By Steven Meier
When the cartilage surrounding a healthy knee is torn as the result of strain or an injury, it can usually heal on its own, depending on the size and location of the tear around the knee. In certain cases where the tear cannot heal on its own, an orthopedic surgeon can opt to repair the tear surgically. When a piece of the torn cartilage has migrated in the knee, resulting in increased pain, swelling, and inflammation in the knee joint, a common procedure known as a partial meniscectomy is performed to surgically correct the meniscus.
Most patients can usually return to reasonably normal levels of activity if a torn meniscus heals properly. The most common form of treatment for mild and moderate tears located on the outside of the knee is rest, ice, and limiting strenuous physical activity and pressure on the knee, allowing time for the tear to heal on its own. With larger tears, depending on the location, an orthopedic surgeon can usually repair the damage with minimally invasive arthroscopic surgery.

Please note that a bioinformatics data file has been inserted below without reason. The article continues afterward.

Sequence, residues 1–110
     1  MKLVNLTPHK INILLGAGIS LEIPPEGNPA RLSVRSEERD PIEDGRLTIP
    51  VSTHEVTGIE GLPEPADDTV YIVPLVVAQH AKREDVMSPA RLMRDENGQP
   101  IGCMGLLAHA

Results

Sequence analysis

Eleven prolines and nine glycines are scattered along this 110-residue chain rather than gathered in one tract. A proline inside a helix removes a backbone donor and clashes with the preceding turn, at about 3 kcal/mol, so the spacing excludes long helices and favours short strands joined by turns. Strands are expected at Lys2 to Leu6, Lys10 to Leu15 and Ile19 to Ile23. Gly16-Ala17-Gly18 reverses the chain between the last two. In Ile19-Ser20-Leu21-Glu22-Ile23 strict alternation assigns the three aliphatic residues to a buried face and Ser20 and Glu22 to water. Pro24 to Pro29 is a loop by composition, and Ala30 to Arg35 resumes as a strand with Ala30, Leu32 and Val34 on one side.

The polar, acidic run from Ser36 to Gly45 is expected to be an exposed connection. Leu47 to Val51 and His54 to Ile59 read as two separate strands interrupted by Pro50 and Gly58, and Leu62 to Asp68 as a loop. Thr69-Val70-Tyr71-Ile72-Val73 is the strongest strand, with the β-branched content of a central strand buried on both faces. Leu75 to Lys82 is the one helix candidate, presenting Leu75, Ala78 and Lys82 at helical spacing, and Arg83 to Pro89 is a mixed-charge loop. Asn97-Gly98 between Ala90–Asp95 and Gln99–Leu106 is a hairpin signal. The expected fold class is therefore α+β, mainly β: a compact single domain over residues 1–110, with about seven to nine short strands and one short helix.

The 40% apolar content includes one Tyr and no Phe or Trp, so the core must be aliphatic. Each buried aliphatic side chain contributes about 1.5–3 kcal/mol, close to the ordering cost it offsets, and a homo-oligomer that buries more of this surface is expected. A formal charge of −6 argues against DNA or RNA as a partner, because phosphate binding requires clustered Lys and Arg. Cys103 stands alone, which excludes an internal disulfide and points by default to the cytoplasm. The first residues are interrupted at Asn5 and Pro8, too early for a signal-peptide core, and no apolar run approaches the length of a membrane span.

A new procedure under development by a select group of highly specialized orthopedic surgeons around the world is meniscus transplantation. This procedure consists of a complete removal of the damaged cartilage, which is replaced by cartilage from a cadaver donor. Meniscal transplantations are complicated and require an extremely skilled surgeon with the necessary precision and expertise to attach the donor meniscus accurately and securely.
Meniscus transplantation would not be reserved for the more common forms of meniscal tears where rest or a partial meniscectomy would provide the best outcomes for healing. So far, meniscus transplantations have not proven effective in cases where the knee has already developed arthritis, a possible result of joint damage due to cartilage degeneration from previous wear and tear or injuries. At the moment, the procedure is recommended for younger patients with no signs of arthritis in the knee.
Next read more about meniscus repair.